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Europe hasn't seen this many asylum-seekers since fall of Soviet Union: Study

A record 1.3 million migrants applied for asylum in the Europe in 2015 – nearly twice as many as the previous high point in 1992, around the collapse of the Soviet Union, according to new research by the U.S.-based Pew Research Center.

Since 1985, Europe has received about 11.6 million asylum applications, with last year's 1.3 million amounting to about one-tenth of all applications received during the past 30 years by the 28 members of the EU, Norway and Switzerland, Pew noted. It used data collected by Eurostat, the EU's statistical agency, to inform its research.

Europe has become a safe haven for thousands of people fleeing conflict, poverty and persecution in parts of Africa and the Middle East. While Pew noted that eastern European countries such as Kosovo and Albania still contribute to the flow of asylum seekers, about half of refugees in 2015 trace their origins to just three countries: Syria, Afghanistan and Iraq.

The diaspora and displacement of peoples seemed to peak in 2015 with Europe left largely unprepared and divided on how to deal with the influx of people.


Migrants find shelter in the passenger terminal after arriving from the islands at the port of Piraeus, on February 29. 2016. in Athens, Greece, Border restrictions further north in the Balkans have left thousands of refugees and migrants stranded in Greece.
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Migrants find shelter in the passenger terminal after arriving from the islands at the port of Piraeus, on February 29. 2016. in Athens, Greece, Border restrictions further north in the Balkans have left thousands of refugees and migrants stranded in Greece.

The migrant crisis has also had a huge human cost. Thousands of men, women and children have lost their lives trying to reach the continent by land and sea, most often in un-seaworthy boats run by human traffickers.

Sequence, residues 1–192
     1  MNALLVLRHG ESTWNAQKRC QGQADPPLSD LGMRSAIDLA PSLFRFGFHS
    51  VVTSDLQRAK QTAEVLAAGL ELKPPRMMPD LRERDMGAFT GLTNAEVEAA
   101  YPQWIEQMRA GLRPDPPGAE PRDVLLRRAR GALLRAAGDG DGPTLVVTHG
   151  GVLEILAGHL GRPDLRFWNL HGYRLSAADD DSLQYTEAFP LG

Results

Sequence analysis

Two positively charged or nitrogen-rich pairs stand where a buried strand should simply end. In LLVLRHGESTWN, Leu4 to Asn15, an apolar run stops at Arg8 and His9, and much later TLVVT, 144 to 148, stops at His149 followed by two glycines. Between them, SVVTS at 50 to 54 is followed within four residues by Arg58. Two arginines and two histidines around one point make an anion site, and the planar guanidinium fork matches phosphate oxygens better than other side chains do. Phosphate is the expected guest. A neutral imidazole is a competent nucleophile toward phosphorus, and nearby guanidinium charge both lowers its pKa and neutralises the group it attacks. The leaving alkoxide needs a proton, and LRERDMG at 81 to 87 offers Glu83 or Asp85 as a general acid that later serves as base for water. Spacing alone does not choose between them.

The International Organization for Migration (IOM) said Tuesday that in the first seven months of 2016, a total of 4,027 people had died crossing the sea to Europe, already surpassing the total of 3,771 deaths last year.

The migrant crisis has been met with a mixed response from around Europe: Some countries such as Germany have welcomed migrants while other governments, mainly in eastern Europe, have rejected plans for a quota-based system to relocate and re-home refugees. Many countries have closed borders to deter migrants passing through their countries to get to more prosperous northern Europe.

Given Europe's wildly differing stance towards migrants and the divergent economic prospects offered by each country, some countries have become more popular than others for asylum applications.

Germany (with 540 applications per 100,000 Germans) had more asylum seekers per capita than Europe as a whole (250 per 100,000), Pew's research showed, and was on par with other leading destinations such as Finland (590 per 100,000), Norway (590 per 100,000) and Switzerland (460 per 100,000).

By contrast, France (110 per 100,000) and the U.K. (60 per 100,000) had far fewer asylum seekers per capita.

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